Agriculture may work with Shirley Sherrod’s nonprofit

Though Agriculture Secretary Tom Vilsack was unsuccessful in his bid last year to lure back wrongly dismissed employee Shirley Sherrod, his Agriculture Department is in contract talks with her Georgia-based nonprofit to have her do more federal work on justice and civil rights issues for farmers.

Sherrod, the former Georgia director of rural development for Agriculture who was fired from her post in July 2010 amid a controversy over remarks she had made on racial issues, declined a subsequent offer to return to the department's Office of Advocacy and Outreach. But after Agriculture on May 11 issued a key report making a "civil rights assessment" along with recommendations on delivery of financial and technical assistance to farmers, the department confirmed to Government Executive that it is in talks with Sherrod for a new role.

"As part of our continued effort to build a new civil rights era at USDA, we intend to cooperate with community-based stakeholders to review, assess and implement recommendations provided in the independent Civil Rights Assessment report," said Justin DeJong, deputy director of communications. "The three community organizations are experts in the field from the Southeast, Southwest and Indian country" and include the Southwest Georgia Project for Community Education Inc., the National Latino Farmers and Ranchers Trade Association, and the Intertribal Agriculture Council.

Sherrod's Georgia Project, DeJong added, "is considered among the best Southeastern regional organizations focused on the issues and populations affected by this assessment and has a strong relationship and understanding of the work of USDA." Analysts producing the independent report for Vilsack interviewed staff at the Farm Service Agency, Rural Development, the Natural Resources Conservation Service and the Risk Management Agency.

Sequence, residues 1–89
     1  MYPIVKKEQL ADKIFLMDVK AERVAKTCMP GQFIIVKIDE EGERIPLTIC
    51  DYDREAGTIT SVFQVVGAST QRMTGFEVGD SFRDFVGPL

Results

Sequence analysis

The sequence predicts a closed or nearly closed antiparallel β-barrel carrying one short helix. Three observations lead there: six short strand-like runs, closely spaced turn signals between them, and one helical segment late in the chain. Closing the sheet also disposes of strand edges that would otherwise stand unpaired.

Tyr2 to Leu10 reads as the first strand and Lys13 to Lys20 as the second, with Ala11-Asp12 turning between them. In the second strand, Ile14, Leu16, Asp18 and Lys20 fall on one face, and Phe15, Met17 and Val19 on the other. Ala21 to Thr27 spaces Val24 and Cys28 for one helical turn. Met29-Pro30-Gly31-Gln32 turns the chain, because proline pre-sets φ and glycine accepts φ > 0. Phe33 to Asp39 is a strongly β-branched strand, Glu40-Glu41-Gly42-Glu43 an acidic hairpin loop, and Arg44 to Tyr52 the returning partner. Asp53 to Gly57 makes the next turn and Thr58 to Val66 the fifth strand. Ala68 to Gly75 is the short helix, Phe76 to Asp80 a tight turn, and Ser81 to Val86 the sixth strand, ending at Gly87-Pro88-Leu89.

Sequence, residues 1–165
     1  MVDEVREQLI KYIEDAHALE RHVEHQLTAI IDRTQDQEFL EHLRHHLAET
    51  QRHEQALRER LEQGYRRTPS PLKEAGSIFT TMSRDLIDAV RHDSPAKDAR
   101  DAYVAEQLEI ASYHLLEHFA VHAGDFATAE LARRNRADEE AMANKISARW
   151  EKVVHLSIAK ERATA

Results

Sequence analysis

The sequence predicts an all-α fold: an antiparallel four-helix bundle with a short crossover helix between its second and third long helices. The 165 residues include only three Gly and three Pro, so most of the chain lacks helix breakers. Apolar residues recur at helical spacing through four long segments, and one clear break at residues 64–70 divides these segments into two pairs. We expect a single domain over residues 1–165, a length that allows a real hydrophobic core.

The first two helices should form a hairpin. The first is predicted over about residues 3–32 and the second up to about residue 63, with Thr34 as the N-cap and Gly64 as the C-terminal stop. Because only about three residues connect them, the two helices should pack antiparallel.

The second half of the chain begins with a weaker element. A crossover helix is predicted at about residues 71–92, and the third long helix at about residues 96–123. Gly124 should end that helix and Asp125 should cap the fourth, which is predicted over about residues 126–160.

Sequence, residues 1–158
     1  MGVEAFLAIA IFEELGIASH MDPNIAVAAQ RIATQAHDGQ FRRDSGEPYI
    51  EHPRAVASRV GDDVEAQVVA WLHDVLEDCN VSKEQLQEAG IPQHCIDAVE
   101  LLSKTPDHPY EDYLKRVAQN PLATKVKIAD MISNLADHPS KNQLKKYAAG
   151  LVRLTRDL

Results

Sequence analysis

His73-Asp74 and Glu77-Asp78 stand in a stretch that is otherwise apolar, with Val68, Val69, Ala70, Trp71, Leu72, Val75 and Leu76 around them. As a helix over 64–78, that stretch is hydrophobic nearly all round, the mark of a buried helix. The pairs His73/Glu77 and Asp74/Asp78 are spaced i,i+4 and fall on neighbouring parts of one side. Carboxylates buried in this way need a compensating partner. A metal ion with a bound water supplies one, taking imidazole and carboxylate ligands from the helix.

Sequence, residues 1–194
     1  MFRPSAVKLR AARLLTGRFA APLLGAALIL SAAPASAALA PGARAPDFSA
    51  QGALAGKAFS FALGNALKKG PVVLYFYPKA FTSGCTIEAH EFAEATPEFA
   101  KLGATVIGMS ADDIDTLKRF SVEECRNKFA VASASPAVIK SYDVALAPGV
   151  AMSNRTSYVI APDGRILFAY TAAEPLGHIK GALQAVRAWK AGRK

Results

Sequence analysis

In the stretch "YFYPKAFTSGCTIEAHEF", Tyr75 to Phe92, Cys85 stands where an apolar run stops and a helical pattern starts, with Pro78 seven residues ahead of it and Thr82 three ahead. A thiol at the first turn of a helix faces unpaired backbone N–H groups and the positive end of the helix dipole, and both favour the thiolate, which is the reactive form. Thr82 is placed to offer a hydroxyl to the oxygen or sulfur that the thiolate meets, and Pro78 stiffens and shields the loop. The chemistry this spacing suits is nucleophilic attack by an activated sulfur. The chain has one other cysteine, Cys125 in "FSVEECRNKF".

Their recommendations, many of which are being implemented, included continuing the current emphasis on a "zero-tolerance policy" regarding discrimination, harassment and retaliation; holding managers accountable for diversity in hiring and loans; using flex-time hours and policies to provide service to clients on evenings and weekends; and seeking community-based organizations to help enhance the success of "existing program dollars that are not reaching socially disadvantaged communities."

A spokeswoman for Sherrod declined comment. The mission of the Georgia Project is to "focus on empowerment, assisting rural communities to work for change through education, advocacy and economic development," its website states. Its roots go back to 1961when its activists joined the civil rights movement as an offshoot of the Student Non-Violent Coordinating Committee. Ten years later, Shirley Sherrod and her husband, Charles, founded the organization to "continue the work of empowering black families in Southwest Georgia."

In February, Sherrod announced she is suing conservative blogger Andrew Brietbart for defamation. The website operator had posted a heavily edited video of a speech Sherrod gave on race relations that led Obama administration officials to rush to demand her resignation.

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